• Interesting post, Willow/ Now I have to go check out that Carta pesta – I’ve never heard of it before. And what a nice dragon – how did you get the metallic finish?

  2. I didn’t stop making art after art school because of lack of ideas or ‘place to exhibit’. That has always been a minimal drive for me much to the dismay to the professors at MICA! My poor family has gotten so many handmade things over the years I am sure they are sick of them. Now I have three kids and have gotten a little overboard in theme parties for them. My almost 8 year old is having a Harry Potter party this year and I cam to your site to see your snowy owl which is wonderful. I have started to make one too!

  3. I have a similar challenge in my painting (I do a lot of pet portraits, often from less-than-perfect photos). One way to get the feel for expressions in your given beastie is to spend a lot of time with that kind of animal, to see what’s normal for them. Maybe harder to do with a zebra, but horses might be more readily available. Alternatively, once you understand the physiology from pictures as Jonni suggests, you could just anthropomorphize to your heart’s content. Depends on what your goal is.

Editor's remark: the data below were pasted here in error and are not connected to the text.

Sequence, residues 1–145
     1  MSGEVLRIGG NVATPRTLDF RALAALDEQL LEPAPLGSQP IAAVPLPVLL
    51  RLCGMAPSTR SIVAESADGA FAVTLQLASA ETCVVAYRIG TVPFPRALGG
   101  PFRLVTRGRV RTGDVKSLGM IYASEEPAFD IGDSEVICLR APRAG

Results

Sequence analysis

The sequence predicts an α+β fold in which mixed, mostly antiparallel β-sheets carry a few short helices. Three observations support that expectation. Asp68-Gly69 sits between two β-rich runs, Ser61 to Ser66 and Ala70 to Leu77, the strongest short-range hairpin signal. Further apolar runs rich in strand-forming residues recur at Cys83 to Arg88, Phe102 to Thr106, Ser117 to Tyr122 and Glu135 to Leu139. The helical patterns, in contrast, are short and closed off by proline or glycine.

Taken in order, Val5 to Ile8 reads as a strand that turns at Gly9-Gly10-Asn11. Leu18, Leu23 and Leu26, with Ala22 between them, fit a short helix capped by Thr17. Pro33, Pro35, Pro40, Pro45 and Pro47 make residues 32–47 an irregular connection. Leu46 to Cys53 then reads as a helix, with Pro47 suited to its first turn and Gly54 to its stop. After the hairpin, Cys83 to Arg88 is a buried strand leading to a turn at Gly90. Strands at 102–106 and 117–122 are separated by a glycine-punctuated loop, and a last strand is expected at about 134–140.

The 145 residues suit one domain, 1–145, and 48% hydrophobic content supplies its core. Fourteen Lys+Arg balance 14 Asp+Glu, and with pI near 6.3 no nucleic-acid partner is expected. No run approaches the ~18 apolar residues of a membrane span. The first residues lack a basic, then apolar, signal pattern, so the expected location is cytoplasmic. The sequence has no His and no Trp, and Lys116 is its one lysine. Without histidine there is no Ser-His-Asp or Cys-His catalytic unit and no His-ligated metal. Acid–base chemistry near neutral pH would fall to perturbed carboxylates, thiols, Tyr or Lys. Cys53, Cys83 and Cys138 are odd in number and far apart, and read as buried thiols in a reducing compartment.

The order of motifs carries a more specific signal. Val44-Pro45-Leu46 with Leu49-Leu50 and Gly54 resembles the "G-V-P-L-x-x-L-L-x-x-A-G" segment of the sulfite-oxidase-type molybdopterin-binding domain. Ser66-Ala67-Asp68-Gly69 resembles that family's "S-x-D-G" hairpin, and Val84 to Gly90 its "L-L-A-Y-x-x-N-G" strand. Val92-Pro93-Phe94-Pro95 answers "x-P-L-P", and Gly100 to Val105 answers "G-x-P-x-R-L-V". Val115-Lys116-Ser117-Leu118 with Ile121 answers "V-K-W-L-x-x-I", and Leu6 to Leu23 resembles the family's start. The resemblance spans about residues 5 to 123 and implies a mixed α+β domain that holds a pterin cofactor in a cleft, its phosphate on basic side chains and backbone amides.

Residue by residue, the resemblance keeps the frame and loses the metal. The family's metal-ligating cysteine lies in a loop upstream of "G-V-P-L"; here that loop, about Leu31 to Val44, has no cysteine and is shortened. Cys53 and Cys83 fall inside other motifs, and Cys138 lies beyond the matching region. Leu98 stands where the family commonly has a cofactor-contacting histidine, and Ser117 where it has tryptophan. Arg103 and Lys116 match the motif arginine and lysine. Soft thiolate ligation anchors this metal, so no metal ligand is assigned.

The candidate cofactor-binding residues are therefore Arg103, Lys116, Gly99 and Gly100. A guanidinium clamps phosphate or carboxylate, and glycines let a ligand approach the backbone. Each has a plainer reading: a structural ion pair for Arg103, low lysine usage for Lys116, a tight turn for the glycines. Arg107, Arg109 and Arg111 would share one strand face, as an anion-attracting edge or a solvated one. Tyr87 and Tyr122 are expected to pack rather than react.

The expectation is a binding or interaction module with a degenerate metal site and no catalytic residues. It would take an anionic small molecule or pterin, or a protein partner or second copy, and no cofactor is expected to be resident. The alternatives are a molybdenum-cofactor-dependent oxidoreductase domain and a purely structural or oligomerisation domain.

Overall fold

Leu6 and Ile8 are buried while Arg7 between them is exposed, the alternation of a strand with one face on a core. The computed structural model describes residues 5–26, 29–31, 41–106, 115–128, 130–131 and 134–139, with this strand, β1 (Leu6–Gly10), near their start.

• Good points, Xan. And you obviously know what you’re talking about, since your paintings of animals are wonderful. I hope everyone visits your site to admire your work and get inspired.

  4. Hi,my name is lisa and I am working on a zebra head paper mache project. I have been struggling for years to get the smiling lips,ears.eyes,nose,and the brow that sits above the eyes,I see you have mastered all the above on your girraffe sculpture,can you help me tackle these problems? thank you.

    • Hi Lisa. I struggled with those things too – I just don’t show photos of all the messy bits when I have to cut things off and start over.